3. Making the home attractive- Not just curb appeal. But nice and clean and operable. The better the condition of the home the more a good renter will want to take care of it. Or at least know that them breaking something will be more noticeable. That is actually my primary point. Since I do not handle rentals for under $2,000 a month. Simply put you turn the rental over to the new tenant in great shape. You also drop subtle hints of how well you document the condition of the home. When the renter knows what is expected then they are much more likely to comply. If you have a great renter you may think of options to retain them when the lease is nearing it's end.Especially in higher end homes that may take some time to locate another renter or when you have a below median priced rental with a good or awesome renter. Lower than median priced rentals/renters have many issues.

Finding and selecting tenants.

We know how to do this. We manage nearly 100 rental properties. Normally renters will call us looking for rentals which puts you in a much better negotiating place than seeking them out. You have what they want as opposed to a sign in the yard or newspaper ad.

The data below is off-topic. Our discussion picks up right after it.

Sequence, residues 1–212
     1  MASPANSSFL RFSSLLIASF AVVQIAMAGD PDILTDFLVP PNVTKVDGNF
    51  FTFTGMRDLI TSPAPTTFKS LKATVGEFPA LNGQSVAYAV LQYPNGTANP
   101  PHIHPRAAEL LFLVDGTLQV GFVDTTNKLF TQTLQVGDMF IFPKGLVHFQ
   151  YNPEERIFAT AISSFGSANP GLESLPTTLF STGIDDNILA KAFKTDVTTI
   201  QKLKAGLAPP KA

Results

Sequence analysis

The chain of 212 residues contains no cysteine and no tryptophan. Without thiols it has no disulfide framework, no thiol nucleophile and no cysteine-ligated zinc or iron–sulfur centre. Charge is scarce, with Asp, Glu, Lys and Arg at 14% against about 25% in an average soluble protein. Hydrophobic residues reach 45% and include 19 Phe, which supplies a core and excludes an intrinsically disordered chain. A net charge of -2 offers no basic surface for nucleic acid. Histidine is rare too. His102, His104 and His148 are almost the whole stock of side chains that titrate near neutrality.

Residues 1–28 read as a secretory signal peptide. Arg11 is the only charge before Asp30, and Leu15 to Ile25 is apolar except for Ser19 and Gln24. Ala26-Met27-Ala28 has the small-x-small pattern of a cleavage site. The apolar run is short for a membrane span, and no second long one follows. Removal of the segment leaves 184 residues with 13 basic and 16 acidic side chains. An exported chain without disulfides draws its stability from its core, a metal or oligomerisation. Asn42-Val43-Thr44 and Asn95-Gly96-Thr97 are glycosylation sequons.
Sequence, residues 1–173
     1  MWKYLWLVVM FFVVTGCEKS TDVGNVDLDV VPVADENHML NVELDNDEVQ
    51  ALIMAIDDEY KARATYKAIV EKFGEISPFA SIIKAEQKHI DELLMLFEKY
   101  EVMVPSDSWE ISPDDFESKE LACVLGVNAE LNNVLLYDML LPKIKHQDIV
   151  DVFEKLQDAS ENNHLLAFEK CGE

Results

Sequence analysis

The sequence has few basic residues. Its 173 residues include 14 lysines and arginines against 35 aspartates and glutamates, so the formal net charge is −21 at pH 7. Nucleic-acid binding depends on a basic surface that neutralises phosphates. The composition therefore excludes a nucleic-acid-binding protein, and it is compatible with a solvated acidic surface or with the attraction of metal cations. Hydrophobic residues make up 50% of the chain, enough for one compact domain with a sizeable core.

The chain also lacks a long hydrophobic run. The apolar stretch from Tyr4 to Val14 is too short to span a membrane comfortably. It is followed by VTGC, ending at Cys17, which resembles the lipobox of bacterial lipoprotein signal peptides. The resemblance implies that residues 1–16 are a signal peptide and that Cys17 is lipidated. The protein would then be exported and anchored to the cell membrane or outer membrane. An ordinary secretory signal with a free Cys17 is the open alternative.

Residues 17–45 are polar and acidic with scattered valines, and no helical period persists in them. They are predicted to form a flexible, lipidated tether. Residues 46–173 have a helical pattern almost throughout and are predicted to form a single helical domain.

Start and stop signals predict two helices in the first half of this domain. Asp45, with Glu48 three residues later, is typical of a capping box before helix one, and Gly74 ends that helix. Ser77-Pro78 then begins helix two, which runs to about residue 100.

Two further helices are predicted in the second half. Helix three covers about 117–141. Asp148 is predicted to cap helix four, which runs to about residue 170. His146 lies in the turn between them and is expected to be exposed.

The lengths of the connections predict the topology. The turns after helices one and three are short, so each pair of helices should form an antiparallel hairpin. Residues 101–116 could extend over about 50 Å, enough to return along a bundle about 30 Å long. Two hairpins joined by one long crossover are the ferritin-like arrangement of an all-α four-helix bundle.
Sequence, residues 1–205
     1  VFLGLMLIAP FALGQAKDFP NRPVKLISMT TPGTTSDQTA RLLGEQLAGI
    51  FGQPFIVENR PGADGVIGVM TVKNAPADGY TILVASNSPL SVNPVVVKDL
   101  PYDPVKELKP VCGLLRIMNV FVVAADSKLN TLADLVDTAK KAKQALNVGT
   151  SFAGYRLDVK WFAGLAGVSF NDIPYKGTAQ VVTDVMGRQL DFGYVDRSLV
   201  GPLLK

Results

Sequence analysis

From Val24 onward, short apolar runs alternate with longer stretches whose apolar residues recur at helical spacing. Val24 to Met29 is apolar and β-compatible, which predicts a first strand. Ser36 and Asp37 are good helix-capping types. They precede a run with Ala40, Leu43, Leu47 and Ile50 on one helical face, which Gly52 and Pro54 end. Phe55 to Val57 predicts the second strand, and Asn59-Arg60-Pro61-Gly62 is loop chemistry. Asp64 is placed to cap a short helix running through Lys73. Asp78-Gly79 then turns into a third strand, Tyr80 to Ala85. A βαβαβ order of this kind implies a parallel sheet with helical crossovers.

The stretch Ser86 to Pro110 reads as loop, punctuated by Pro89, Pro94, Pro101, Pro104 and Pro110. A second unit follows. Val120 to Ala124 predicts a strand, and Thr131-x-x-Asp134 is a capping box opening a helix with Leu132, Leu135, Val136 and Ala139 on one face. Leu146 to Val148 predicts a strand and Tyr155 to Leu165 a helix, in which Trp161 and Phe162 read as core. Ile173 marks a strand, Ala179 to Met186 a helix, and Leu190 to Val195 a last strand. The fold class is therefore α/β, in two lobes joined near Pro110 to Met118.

Scheduling opportunities for the renter to see the home. As a private renter if you go that route you will hate this. renters will show up late or cancel. There are remedies or rather time management techniques to minimize the impact of missed appointments. Scheduling them to see several in one day works well. Having them meet you at your office works well. If they do not show, hey you're still at work ! Many times owner-landlords make the mistake of having their home address being known by the renter. Oddly enough knowing an office address of the landlord/Realtor always seems to be good enough. I have ran into clients at the grocers etc but never at my home.

Qualifying the renter and making the selection. If you waiver on this you will eventually pay for it. The more they do not want you to look at their credit and complete rental history the more you need to. The more they baulk at paying for the credit check etc the more likely they will be late on the rent.